In "Walking through the valley of the shadow of death", one of this year’s March issue of Next Wave, I wrote that a chain of economic crises facing African countries was expressing itself at retail shops across Africa by both strengthening informality and reducing spending. Here’s an excerpt from that piece.

All of this economic mumbo-jumbo is most accurately expressed at food stalls and grocery shops.

As Egypt clearly understands, ahead of the Ramadan fast, the country’s national leadership opened Egypt’s annual Ramadan food drives three months ahead of schedule to help combat rising food prices, courtesy of a shortage in the supply of food and, more importantly, a shortage of the foreign currency needed to release food that has already arrived from Egyptian ports.

As the economic crisis bites, it is strengthening informal retail markets. For example, the Tuesday street market in the densely populated El Talbia neighbourhood, one of Cairo’s poorest, is growing in popularity and attracting new shoppers every week who come from all over the Cairo area, for cheap prices.

…I’ve walked you through all of this just to say that the economic situation as expressed in FX and debt crises for countries where imported food makes up a huge chunk of how people are fed is not looking bright.

The very next week, Chernay Johnson, then the Research Director of DFS Lab followed up that issue with a stellar contribution on the intricacies of serving the consumer goods market in Africa. The conclusion was that:

The very next week, Chernay Johnson, then the Research Director of DFS Lab followed up that issue with a stellar contribution on the intricacies of serving the consumer goods market in Africa. The conclusion was that:

…no one B2B market player is near maturity in Africa’s retail sector. At full scale, the dynamics around unit economics could (and will) look a lot different as strong network effects multiply the profitability of a few market leaders. This is only starting to happen in the race to digitise retail in Africa, and we’ll continue to patiently keep an eye on emerging trends. Some careful combination of experimentation will no doubt bring progress, on a continent for which there is no tried and tested formula. But we think this will take more time than the pitch decks predict.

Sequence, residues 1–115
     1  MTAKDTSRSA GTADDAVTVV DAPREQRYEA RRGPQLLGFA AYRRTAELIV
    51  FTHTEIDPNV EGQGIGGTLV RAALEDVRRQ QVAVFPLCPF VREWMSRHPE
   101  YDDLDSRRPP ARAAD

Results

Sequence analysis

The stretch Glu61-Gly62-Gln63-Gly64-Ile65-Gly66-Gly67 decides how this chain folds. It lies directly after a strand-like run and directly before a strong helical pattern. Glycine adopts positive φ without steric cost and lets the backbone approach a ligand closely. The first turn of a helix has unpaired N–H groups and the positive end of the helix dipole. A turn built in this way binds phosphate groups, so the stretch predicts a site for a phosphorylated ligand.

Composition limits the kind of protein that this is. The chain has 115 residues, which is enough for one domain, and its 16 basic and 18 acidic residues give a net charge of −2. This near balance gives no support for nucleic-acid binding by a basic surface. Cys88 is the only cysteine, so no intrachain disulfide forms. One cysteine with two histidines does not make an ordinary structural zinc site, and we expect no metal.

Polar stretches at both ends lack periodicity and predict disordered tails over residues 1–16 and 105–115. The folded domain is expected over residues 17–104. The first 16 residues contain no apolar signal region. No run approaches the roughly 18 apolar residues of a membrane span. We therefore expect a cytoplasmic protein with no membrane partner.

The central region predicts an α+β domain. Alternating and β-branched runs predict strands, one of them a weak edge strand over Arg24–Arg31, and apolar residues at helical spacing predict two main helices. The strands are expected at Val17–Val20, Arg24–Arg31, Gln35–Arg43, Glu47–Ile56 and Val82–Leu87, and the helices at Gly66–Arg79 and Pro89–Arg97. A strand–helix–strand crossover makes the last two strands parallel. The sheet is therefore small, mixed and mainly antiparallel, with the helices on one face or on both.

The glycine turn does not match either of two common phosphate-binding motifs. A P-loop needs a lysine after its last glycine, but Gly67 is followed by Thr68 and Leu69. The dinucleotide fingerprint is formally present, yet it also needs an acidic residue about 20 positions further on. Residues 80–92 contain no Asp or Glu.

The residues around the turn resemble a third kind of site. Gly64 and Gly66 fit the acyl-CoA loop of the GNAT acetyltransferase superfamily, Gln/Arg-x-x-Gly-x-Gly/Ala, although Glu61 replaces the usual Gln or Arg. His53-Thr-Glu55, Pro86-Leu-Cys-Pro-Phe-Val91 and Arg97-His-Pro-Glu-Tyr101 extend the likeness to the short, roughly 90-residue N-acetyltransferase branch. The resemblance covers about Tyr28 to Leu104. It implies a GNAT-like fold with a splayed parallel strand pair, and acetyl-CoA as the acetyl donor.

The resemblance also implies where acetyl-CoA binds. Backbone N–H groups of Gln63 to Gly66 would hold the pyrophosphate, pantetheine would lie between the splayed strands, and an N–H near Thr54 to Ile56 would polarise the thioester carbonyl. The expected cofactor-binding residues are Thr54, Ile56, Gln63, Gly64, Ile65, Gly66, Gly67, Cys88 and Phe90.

Reread the last sentence. Why could it take more time for B2B players serving the retail market to reach maturity and find scale? Some thoughts.

#1 Building asset-light but fully digital platforms might have a scale problem. In other words, growth is a limit to how much digital we can embed in the fragmented world of consumer retail in Africa. From my conversations with the few people I know (again not a statistical observation, but I’ve got a good observational mind, I think), the more you grow, the more your partners at all levels demand from you. Retail partners, distributor partners, logistics partners and manufacturing groups will all want more from you for the simple reason that you are now a big part of their business. It is either that or you don't grow to become important enough. Of course there are possible caveats to this.

#2 Consumer manufacturing firms are restructuring their operations, supply chains and business units. As the impact of national economics and foreign currency shocks bite, manufacturers are rethinking the very core of their operations from where they source for raw materials to how their business economics work. I don’t know how this will affect the digital B2B retail firms, but I know that business restructurings will come with demands on the pieces that make up the distribution chain for manufacturers.

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From Egypt to Nigeria, and Kenya to Malawi, consumer goods manufacturers are facing foreign currency and inflationary pressures on their cost of production. The result has been a spate of reported losses or lower profit (due to FX) and in some cases exits. In her contribution to Next Wave, Johnson pointed out one vulnerability B2B retail commerce players had, which was that they all connect to a handful of fire hydrants, i.e. FMCG manufacturers.